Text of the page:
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Putting mesquite on the map

Local Land Services Western Region is trialing an innovative new technique to map infestations of one of the most aggressive weeds in the Western Region – mesquite.

The trial is being carried out at a site north of Broken Hill and involves the capture of high resolution, geo-referenced imagery using a fixed wing drone.

This imagery will be analysed by the University of Sydney using specialist software to determine if plants can be identified.

Senior Land Services Officer, Mitchell Plumbe said it’s challenging to identify the location of weeds like mesquite in the Western Region using current methods due to the large expanses of land and the difficulty of accessing some areas.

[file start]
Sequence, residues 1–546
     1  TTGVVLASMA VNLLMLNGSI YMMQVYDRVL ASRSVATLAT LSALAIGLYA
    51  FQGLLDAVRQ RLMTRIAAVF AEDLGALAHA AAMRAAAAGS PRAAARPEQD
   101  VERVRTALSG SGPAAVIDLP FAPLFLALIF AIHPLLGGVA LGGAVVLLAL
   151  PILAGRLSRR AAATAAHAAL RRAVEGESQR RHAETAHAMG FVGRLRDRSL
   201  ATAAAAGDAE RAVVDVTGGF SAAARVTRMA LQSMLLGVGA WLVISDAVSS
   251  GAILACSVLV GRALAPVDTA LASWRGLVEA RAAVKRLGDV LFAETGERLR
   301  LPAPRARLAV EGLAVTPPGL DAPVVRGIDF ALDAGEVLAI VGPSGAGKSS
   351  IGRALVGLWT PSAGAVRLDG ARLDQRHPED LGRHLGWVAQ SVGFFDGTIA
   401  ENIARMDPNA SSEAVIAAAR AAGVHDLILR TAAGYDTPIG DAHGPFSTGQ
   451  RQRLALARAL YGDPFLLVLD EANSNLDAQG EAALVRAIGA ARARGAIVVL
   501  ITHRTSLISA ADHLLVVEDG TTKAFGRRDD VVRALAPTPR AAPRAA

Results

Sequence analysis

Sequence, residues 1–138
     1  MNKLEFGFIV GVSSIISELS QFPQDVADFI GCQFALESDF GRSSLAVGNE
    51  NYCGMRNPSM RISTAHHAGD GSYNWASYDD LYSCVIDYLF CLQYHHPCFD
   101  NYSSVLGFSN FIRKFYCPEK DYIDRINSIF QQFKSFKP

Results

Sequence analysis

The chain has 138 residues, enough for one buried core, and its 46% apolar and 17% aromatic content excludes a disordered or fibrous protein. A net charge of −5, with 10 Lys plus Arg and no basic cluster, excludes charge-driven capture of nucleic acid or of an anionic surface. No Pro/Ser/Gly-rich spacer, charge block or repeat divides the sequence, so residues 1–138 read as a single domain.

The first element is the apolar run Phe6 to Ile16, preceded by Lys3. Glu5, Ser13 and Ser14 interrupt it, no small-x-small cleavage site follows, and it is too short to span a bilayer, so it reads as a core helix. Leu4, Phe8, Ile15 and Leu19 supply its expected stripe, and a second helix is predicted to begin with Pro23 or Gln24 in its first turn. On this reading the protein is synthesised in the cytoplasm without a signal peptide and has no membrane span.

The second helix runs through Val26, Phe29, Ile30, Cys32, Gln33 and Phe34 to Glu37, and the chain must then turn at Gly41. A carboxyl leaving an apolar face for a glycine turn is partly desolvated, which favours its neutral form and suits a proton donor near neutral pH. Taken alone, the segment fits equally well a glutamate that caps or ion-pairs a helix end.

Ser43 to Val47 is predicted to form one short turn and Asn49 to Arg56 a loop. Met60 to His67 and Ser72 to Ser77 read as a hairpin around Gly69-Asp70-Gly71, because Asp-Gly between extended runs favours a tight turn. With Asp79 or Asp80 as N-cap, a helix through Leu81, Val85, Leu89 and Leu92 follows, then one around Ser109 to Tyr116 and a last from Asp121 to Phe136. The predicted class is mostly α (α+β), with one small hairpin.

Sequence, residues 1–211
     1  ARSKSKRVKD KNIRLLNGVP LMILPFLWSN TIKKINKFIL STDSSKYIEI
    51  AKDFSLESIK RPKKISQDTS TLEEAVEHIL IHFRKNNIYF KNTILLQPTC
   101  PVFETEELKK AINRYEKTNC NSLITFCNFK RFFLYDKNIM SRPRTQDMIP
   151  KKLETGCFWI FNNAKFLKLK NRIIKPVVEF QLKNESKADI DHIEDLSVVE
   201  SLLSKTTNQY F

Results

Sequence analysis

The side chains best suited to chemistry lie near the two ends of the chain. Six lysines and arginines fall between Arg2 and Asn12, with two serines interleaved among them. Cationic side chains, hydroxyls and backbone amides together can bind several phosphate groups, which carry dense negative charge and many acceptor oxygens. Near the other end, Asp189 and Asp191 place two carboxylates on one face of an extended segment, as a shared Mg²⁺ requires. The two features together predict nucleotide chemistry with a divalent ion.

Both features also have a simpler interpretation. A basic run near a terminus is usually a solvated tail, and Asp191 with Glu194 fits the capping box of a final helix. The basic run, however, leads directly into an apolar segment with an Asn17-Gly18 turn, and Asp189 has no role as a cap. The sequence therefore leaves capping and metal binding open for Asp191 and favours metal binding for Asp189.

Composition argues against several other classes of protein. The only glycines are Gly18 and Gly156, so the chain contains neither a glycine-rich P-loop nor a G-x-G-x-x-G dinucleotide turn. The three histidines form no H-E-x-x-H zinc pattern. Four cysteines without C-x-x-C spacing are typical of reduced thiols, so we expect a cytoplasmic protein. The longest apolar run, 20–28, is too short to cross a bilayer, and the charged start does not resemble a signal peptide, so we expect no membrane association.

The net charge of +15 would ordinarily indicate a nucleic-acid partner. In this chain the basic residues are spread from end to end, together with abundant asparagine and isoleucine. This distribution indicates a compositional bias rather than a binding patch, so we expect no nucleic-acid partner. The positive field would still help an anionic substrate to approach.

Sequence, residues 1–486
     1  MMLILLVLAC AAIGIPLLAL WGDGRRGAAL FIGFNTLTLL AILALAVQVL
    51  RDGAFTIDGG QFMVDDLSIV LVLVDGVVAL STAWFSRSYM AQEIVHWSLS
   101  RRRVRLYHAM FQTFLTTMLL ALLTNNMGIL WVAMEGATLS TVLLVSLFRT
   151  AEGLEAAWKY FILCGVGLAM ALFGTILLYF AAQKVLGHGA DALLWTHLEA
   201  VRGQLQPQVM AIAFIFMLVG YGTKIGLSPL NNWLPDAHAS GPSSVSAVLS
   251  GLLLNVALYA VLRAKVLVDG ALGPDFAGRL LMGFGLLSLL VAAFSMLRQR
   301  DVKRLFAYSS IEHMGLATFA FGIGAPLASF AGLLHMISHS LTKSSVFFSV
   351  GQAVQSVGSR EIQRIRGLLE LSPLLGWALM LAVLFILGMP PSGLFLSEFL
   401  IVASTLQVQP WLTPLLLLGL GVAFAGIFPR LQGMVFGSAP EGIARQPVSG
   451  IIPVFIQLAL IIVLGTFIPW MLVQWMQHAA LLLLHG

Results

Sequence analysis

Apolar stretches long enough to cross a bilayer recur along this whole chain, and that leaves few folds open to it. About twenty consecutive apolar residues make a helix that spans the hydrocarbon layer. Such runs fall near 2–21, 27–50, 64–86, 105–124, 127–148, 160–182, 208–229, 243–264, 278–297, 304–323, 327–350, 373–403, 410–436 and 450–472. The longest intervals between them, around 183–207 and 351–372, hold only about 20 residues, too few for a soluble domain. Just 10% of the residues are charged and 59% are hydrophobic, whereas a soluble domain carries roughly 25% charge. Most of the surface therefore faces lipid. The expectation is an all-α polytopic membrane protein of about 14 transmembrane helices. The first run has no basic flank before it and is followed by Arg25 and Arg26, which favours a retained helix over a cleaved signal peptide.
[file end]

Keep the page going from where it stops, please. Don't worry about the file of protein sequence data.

“This results in target plants invariably escaping treatment and greatly increases treatment costs as large areas must be searched to find and treat weed plants,” Mr Plumbe said.

“The use of a drone will overcome these access and scale issues.”

If the method is successful and cost effective, landholders will be able to better target their weed control activities, which will significantly reduce the labor costs for treatment.”

This trial builds on work undertaken by the Australian Centre for Field Robotics at the University of Sydney, where algorithms were developed to identify mesquite from other vegetation and provide a map of its distribution.

“While mesquite in the Western Region has not yet reached the level of infestation seen in other areas of Australia, recent seasons have resulted in extensive germination events,” Mr Plumbe said.

“It poses a great risk to both biodiversity and production within the Western Region, having plagued local graziers and land managers for over 50 years.”

Results from this trial are expected to be received by mid-2016.

Media contact: Michelle McGranahan 0428 784 282